As the United States marches on to its date with sequestration, it is interesting to note there is little sign of compromise from either major party.
To recap, the deal reached between the administration and Congress in the Budget Control Act of 2011 provided that $85 billion in budget cuts will automatically occur on March 1, unless the government enacts deficit-reduction legislation. And those cuts must come out of fiscal year 2013's budget. The budget year ends Sept. 30.
The cuts will affect defense, health care, small-business loans and a multitude of nonexempt programs (including Medicare).
Both sides agree jobs will be lost, vital defense programs threatened, and a fragile recovery may be knocked off the tracks.
Will there be yet another last-minute deal? Will government find a way to just kick its fiscal can down the road again?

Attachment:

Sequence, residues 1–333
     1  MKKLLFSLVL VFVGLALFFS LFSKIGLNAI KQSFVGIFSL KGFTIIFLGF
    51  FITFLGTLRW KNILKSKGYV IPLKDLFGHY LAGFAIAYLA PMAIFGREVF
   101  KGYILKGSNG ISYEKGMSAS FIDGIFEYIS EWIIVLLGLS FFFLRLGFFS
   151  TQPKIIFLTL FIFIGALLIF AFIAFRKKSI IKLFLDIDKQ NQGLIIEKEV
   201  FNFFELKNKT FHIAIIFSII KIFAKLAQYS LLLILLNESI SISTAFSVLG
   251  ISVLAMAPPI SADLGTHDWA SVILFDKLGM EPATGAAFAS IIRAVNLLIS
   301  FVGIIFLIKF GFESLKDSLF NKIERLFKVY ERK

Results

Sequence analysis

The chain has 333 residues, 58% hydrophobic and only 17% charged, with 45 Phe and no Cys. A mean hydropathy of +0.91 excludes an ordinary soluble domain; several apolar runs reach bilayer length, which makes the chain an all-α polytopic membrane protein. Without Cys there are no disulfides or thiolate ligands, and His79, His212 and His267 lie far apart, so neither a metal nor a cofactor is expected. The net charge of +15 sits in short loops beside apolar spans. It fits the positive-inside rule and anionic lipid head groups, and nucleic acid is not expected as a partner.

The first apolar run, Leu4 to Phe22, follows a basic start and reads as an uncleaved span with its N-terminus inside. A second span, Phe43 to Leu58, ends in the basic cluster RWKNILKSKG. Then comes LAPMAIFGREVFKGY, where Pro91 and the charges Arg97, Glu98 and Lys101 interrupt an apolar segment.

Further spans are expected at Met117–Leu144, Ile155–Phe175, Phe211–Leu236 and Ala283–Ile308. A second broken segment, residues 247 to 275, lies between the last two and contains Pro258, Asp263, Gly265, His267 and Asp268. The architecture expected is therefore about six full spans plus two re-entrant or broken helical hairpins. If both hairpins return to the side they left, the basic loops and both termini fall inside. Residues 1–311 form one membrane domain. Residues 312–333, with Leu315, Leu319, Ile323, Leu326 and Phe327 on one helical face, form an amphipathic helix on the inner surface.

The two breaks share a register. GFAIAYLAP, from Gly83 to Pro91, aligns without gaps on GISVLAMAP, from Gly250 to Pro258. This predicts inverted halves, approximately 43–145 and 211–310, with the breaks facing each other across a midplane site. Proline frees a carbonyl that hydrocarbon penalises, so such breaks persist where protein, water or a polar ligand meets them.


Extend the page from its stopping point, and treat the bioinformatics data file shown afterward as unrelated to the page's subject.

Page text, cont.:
The country is tired of lurching from crisis to crisis. Are there no leaders in Washington who will stand up and lead the way to permanent budget compromises that will put our fiscal house in order?
Jennifer Rubin of The Washington Post quoted Ronald Reagan's approach to compromise in a recent column.
"If you're with me 80 percent of the time, you're my friend," Rubin quoted the Gipper as saying. He didn't demand 100 percent fealty to an ideology. Neither did Bill Clinton, the president who led us to budget surpluses.
It is time for the parties to stop the posturing and start the problem-solving. If the recovery stalls because of sequestration, it will be a self-inflicted wound.
* Editorials reflect the opinion of the publisher.